The Life Cycle of a CORA Request

Written by Leah Thompson on April 4, 2016


The Colorado Open Records Act (CORA) should allow anyone to view any public record that includes information such as public funds, city ordinances, or government spending. 

So, how how do you request a public record and what is the process once you submit the request?

Every city and county website has its own form to request public records. Each is structured similarly, asking for your general information (name, company, address, telephone number, and email) as well as a description of the public record you are requesting.

Municipalities vary based on how you can submit the form. Some have websites which allow you to send an electronic form, while others require a hard copy by mail or fax. Records submitted by mail, fax, courier, or e-mail are immediately given to the Public Information Officer or City Clerk to ensure a timely response.

When the public agency receives a records request, according to CORA, they should make an effort to respond within at least three days. However, this can take up to seven days if extenuating circumstances apply. The agency should provide the requestor with electronic copies or files if the requestor asks for them in that format. The agency can also ask the requestor to look at the records in person and make copies for themselves onsite.

When a CORA request requires staff to print more than 25 pages, or takes more than one hour of staff time to obtain the records, the agency can and will charge the requestor for this expense. If an agency knows that the request will be more than 25 and require more than one hour, they can provide an estimate of the cost to the requester. Agencies typically charge $0.25 per page and $20 or $30 an hour for staff time. After all of this, you should have access to the public records.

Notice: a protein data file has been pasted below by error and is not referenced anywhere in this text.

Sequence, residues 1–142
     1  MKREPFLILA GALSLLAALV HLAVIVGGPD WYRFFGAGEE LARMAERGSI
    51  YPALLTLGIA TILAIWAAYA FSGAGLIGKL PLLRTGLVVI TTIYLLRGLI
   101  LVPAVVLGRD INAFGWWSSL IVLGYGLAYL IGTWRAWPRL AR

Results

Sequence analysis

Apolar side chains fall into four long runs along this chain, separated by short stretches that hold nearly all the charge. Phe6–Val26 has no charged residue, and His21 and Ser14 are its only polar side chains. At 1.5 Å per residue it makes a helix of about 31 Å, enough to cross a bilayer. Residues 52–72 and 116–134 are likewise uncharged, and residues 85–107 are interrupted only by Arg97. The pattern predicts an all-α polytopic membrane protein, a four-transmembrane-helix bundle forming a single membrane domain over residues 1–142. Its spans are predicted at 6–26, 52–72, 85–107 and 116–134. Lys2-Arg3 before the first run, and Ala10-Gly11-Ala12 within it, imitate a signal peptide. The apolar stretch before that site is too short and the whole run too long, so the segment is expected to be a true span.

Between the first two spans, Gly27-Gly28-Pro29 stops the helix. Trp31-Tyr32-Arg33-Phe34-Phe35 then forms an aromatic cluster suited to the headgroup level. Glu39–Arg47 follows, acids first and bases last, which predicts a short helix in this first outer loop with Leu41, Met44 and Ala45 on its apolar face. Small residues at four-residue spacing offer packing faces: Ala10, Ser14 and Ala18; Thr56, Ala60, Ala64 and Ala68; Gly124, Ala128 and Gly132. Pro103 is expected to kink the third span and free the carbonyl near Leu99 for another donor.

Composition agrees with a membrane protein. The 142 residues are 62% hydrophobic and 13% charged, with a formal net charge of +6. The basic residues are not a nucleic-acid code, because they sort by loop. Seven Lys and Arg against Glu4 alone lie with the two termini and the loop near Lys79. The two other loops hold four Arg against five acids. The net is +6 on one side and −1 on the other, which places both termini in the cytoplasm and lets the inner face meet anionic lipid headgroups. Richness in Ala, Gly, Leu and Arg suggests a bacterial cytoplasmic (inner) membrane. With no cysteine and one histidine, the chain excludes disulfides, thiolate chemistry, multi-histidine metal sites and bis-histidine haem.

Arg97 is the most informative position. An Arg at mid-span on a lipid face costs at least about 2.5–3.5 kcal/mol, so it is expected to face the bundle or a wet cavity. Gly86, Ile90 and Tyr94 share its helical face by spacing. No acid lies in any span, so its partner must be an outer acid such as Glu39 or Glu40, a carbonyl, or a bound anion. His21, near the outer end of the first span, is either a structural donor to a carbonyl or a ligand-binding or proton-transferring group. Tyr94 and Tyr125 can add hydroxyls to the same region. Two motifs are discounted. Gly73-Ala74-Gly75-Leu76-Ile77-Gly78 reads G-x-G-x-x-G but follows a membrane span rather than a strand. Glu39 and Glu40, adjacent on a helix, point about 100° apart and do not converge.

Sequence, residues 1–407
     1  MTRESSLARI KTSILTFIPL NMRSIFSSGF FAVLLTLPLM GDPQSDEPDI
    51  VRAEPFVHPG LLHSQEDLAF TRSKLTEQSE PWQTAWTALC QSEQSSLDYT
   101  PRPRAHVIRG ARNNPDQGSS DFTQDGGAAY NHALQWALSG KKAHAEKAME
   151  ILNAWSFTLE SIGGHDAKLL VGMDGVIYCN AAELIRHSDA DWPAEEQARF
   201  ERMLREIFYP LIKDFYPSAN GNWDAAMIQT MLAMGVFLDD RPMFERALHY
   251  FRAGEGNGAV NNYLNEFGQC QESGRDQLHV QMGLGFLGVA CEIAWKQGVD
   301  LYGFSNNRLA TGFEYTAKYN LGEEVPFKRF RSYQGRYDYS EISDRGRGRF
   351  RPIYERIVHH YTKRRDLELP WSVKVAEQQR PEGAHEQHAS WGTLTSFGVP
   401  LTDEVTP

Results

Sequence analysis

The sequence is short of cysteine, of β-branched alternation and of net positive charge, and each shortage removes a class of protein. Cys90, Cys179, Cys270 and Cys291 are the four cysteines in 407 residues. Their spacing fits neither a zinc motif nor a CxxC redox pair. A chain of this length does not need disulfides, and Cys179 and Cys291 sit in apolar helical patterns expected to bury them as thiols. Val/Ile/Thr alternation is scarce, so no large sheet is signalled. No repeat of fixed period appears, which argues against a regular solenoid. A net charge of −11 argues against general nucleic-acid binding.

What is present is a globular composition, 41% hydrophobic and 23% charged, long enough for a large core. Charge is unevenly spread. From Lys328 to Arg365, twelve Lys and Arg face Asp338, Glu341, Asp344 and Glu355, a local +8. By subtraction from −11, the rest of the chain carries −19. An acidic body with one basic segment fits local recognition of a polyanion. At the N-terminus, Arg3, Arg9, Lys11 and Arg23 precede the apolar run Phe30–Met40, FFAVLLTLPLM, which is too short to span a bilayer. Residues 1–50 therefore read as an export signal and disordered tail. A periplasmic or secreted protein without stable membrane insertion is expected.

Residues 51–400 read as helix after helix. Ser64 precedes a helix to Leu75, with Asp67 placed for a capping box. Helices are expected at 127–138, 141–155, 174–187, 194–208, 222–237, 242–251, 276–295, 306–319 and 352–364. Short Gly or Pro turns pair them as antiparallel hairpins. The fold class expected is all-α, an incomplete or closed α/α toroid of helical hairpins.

There are public agencies who comply with the request, and there are those who fight against it making extreme demands.

Kim Davis, the County Clerk in Kentucky, asked for $1,200 for printouts of her emails covering the time period when she refused to issue marriage licenses to same-sex couples. This contradicted how the Kentucky Open Records Act requires all electronic records be available in electronic format; she did comply and forwarded the records. After significant pushback, she followed the law by allowing the records to be shared in electronic format for only $6.

When Martin Peck asked for the number of HotPlug devices (devices used to preserve data on confiscated computers) from the Department of Defense, the Secretary of Defense stated “there was no way to do a text search of its document system” saying it would take 15 million labor hours to do the search. But, 15 million hours is about 625,000 days and 1,712 years. This would assume that it wouldn’t be until year 3728 before the record was accessed.

Like the others, Pam Zubeck has used her right to access public records in her investigations as a reporter. It was this access that led to many revelations about public agencies. Reporters like Pam Zubeck use CORA to put public record information in the spotlight, making the public agencies act accordingly in response to public reaction.

Though some public agencies make extreme demands in order to access public records, it will be necessary to push back, forcing the agencies to comply correctly.

The Colorado Open Records Act gave Coloradans the opportunity to look at public records and ensure that public agencies are behaving ethically. When given the chance, go to your county or city’s website to and check it out for yourself. While CORA may not be up to date when it comes to digital records, it’s still a beneficial way to give the public access to public records to hold our government accountable.

Leah Thompson is a junior at Regis University studying Communications and Spanish.

Office: Colorado Common Cause

Issues: Government Accountability

Tags: Sunshine

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